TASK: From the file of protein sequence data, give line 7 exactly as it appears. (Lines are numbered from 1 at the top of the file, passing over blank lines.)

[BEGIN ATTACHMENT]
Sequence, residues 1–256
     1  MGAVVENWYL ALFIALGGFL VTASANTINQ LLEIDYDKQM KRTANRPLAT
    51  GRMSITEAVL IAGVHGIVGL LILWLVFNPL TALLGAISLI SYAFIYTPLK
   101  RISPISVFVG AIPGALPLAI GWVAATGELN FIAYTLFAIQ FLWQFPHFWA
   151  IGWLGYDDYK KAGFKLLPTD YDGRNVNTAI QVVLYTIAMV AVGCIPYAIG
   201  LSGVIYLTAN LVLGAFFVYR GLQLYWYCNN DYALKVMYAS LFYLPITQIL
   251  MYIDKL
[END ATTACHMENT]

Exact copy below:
   251  MYIDKL